“I’m Retiring in 2050 – Are Target Date Funds Right for Me?”

“I’m Retiring in 2050 – Are Target Date Funds Right for Me?”

3 Pitfalls to Avoid


A common error in retirement planning is having a singular bias towards when you retire. That mindset can be dangerous when many financial products are marketed towards individuals seeking a simplistic, reductive approach to investing for the future.

Target date funds are mutual fund investments that offer a mix of stocks and bonds, packaged into one convenient product. Their simplification is their attraction– all the investment diligence is done for you, as the allocations and types of securities are determined by the fund manager.

To further lure prospective investors, these products highlight a “set it and forget it” feature. Target date funds follow what is called a “glide path,” meaning they will automatically rebalance to become less growth-focused and more conservation-focused as you approach retirement. They are designed so that investors do not have to actively monitor or adjust the fund themselves as they near their major milestone. Given the right circumstances, target date funds can be a wise investment choice. That said, there are significant pitfalls of which investors should be mindful:

1. A Lack of Bi-, Trifurcation Target date funds hold stocks and bonds together. Unfortunately, market conditions rarely lead to concurrent peaks in stocks and When both investments are held in one fund, you are prevented from withdrawing a singular investment in the mix. Rather, the entire fund share must be redeemed. Investing in funds that hold stocks or bonds can allow investors to seek higher returns than the blended return associated with a Target Date Fund.

2. A “One Size Fits All” Approach – A widely-accepted investment belief is to keep your percentage of stock holdings to “the number one hundred minus your age.” Yet, there are many reasons why someone might deviate from this strategy. With target date funds, a stock allocation is determined by the fund manager exclusively, with no regard for your unique circumstances. Additionally, no two like-year target date funds have the same composition. The investor is dependent upon what the fund manager thinks is best for the average person retiring in that target year, which may or may not reflect your unique circumstances.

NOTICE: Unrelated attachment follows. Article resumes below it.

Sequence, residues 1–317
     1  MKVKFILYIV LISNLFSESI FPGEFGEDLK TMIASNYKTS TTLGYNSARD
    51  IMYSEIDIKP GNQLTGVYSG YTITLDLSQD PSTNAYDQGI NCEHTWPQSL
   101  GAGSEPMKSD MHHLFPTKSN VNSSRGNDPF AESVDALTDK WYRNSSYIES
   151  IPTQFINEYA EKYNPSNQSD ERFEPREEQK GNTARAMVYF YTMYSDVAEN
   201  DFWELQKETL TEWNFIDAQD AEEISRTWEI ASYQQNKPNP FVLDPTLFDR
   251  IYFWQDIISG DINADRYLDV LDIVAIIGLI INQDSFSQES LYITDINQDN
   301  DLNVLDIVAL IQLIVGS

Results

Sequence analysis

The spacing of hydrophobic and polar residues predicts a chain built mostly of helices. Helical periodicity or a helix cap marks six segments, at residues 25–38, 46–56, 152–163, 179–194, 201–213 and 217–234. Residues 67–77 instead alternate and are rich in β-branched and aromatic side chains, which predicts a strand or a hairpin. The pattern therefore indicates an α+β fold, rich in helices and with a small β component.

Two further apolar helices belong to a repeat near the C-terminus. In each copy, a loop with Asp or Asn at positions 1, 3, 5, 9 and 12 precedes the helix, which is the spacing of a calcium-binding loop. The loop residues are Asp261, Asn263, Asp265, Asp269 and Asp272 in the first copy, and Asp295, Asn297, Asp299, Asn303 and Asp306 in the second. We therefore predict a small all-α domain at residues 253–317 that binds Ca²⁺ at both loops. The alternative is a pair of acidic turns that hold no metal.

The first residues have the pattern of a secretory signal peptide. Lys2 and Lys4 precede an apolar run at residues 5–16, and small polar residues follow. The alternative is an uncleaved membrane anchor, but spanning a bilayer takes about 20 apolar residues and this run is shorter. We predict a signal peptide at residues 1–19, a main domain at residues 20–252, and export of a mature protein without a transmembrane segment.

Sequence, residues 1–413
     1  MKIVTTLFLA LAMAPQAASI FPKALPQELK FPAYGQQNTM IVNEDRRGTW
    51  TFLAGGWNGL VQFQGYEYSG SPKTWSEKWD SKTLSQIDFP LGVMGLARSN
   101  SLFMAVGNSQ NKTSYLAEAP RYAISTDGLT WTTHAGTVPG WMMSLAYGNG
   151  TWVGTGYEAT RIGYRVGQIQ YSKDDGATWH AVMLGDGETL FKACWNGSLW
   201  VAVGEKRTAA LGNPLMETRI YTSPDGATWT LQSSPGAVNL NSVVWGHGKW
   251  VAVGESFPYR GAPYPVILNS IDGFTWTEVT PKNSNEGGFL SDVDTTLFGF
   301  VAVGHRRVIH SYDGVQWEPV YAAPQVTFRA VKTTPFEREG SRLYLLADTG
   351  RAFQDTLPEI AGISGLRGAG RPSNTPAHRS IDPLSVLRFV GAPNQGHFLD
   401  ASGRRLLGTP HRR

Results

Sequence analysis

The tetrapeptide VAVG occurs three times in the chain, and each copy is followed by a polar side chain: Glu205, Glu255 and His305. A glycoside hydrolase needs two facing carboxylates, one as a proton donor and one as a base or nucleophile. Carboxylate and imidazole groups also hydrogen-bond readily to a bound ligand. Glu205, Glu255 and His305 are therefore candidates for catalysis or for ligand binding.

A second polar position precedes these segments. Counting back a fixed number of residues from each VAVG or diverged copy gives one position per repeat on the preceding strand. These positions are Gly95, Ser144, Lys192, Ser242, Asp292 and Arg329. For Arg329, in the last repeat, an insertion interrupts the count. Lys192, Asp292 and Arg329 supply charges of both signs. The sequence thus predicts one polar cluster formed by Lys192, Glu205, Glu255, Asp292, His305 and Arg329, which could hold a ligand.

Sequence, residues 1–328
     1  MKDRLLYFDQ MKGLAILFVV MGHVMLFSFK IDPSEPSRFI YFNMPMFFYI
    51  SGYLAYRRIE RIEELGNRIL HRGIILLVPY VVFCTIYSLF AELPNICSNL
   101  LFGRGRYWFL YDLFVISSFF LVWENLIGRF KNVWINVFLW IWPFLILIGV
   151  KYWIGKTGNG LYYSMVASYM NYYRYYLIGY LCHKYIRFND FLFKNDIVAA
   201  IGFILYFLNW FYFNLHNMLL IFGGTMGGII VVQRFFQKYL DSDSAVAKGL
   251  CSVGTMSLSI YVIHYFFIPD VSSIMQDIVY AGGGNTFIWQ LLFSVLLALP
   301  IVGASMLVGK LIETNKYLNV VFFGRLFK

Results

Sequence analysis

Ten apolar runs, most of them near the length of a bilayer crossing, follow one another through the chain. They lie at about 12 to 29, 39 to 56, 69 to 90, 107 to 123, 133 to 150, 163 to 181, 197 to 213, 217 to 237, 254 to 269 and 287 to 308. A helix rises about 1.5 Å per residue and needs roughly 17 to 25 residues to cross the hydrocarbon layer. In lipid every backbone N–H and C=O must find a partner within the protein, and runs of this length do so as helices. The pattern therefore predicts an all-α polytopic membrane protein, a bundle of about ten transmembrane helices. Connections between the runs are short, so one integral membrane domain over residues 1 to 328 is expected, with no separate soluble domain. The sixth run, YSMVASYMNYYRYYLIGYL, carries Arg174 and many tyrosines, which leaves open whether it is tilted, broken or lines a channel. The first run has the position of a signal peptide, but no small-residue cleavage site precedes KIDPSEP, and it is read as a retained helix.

3. A Lack of Transparency – Target date funds are often unremarkably listed among your 401(k) investment options. Little information on their underlying thesis or management is displayed, which can create two serious misconceptions. First, investors can incorrectly assume that the fund is guaranteed against loss – sorry to say, this is not true. Second, investors can miss the relevant distinction between a “to” or “through” fund strategy. A “to” target date fund reaches its most conservative allocation in its target year. A “through” fund continues to adjust beyond its target year. Either format could be best for you, but if you are not sure which strategy is in play, you may have disappointing results.

Your best bet is to work with an advisor who can navigate the complexity of fund selection and diligence based on your needs. As fiduciaries, we are required by law to guide you to a solution that is in your best interest. It is always a sound idea to have a fiduciary behind you before you make a major investment decision.


If you would like to discuss fund selection with a fiduciary, Axias is here to help. Contact us


**Mutual funds are sold by prospectus only and are subject to various types of risk. Before investing in a mutual fund, carefully review the fund’s prospectus and consider the fund’s investment objectives, risks, charges, and expenses. The principal value of the Target Date Fund is not guaranteed at any time, including at or after the target date. Investing involves risk, including loss of value, and past performance is not a reliable indicator of future results.

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